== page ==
How do you describe the "grandmother"
of all quilt shows?
Fabulous, Amazing, Incredible, Extraordinary....
I'm not sure you really can.
Each of the 50,000+ attendees would say something else
to describe their experience.
I went to be inspired.
Daisy and Basket by Helm Hulsman
I went to learn some new things.
Redbird Quilt Co and Aurifil Thread
I went to do some shopping.
Each day as the doors opened
it was an organized frenzy of quilters
all seeking out their favorite venders to
discover what enticing products they had brought.
First stop for me
Dutch Heritage and
saying hi to Petra Prins and Judith Ebbelaar.
Judith and Me
I had my map labeled 1,2,3,...
There's never been so many
There is something for every style of quilter,
every skill level, and every credit card limit.
Equally important is seeing and meeting friends.
I finally had the privilege to meet
Janet Olmstead from Calgary, Alberta Canada.
You might know her as Mrs Sew n' sew
Her applique work is exquisite and she
is so delightful to hangout with.
We had a great time shopping and
viewing the quilts.
It was exciting to see her Bird of Paradise quilt
It was also exciting to say hi
to Rachael Daisy from Australia.
Her quilts are an explosion of color, pattern
and innovated techniques. That's her
Whiz Bang, prize winning quilt in the background.
The show couldn't happen or run
so smoothly without the incredible crew of
volunteers that work behind the scenes.
I caught up with Lori DeJarnatt
from Humble Quilts
as she was getting things set up for the next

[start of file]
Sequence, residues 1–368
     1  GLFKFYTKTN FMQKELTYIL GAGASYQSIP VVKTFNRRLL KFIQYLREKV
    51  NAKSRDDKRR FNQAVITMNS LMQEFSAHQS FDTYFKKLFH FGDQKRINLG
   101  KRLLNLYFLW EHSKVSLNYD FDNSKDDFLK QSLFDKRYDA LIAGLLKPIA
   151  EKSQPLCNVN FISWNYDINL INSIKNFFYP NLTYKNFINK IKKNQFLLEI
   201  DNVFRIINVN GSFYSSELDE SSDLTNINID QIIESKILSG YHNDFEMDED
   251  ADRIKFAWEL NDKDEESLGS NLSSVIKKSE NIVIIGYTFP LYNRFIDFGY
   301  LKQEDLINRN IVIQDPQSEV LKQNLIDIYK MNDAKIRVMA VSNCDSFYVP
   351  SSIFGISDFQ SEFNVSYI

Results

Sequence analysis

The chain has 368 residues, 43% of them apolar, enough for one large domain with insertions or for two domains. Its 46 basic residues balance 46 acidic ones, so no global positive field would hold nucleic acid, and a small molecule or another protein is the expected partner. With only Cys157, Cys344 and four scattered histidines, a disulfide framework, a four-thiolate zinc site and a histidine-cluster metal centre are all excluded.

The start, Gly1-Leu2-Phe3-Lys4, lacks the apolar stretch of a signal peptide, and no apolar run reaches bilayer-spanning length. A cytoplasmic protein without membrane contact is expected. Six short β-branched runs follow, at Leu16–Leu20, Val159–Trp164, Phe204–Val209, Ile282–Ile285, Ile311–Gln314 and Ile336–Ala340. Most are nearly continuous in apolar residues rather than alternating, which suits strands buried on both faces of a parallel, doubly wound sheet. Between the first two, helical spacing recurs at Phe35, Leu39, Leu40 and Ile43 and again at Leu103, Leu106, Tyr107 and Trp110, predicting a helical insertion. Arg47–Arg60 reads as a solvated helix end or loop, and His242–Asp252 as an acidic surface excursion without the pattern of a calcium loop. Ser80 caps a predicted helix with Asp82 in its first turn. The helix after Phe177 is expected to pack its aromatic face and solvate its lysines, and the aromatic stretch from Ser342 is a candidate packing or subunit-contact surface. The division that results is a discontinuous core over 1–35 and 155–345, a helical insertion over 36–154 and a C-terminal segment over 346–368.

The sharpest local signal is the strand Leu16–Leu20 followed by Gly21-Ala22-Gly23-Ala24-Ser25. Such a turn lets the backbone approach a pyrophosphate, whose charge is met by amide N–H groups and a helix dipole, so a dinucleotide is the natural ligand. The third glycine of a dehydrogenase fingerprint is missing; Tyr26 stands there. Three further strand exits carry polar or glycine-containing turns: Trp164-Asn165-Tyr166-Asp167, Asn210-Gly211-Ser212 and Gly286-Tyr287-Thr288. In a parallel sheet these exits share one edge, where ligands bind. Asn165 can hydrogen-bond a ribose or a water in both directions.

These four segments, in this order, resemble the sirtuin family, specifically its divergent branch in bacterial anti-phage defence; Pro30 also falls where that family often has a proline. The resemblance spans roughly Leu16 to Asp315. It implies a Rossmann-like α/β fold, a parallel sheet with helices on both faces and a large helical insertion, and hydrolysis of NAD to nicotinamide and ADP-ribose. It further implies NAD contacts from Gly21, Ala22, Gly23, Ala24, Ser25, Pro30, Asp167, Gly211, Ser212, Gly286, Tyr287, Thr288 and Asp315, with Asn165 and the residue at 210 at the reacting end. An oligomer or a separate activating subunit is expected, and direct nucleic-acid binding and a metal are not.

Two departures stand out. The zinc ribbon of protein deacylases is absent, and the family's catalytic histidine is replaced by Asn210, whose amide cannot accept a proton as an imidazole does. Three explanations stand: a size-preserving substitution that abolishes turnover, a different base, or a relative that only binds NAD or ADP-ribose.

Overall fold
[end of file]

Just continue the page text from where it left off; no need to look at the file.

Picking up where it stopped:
open studio demos.
My dear Virginia and Netherlands travelers
were all there
with an outstanding exhibit
Esther's Quilt, 1858
Many quilters followed along and
created their own masterpieces.
Doreen Johnson's Quilt
made with French General fabrics.
You might know Doreen at
Patti Snyder's quilt
with extraordinary quilting
who you know as the Log Cabin Quilter
with her wonderful chocolate background
Wendy Reed's quilt
Don't you love the cheddar background!
"Playtime in the Valley", with her
lovely small embroidered interpretation.
Susie Martin Corrao's
lovely quilt with sashing.
Laurie Sanders took a different approach.
Laurie visualized the flowers that Esther might have
seen from her kitchen window.
There were so many quilts to enjoy and study,
about 1600. Each one a work of art.
Just a couple more.
Barb Vedder's quilt
from Fun with Barb.
It was fabulous to see in person.
The pink background is awesome with
the blue saw tooth border.
She has a creative whimsical style.
There were so many hand quilted quilts this year
with the exhibit of Antique Quilts of the British Isles
Hexagon Quilt, 1810
and the French collection
Quilts de Legende
by Martine Crabe'-Lanux.
I know I didn't see everything in my two days,
but I gave it a good try.
Until Next Time-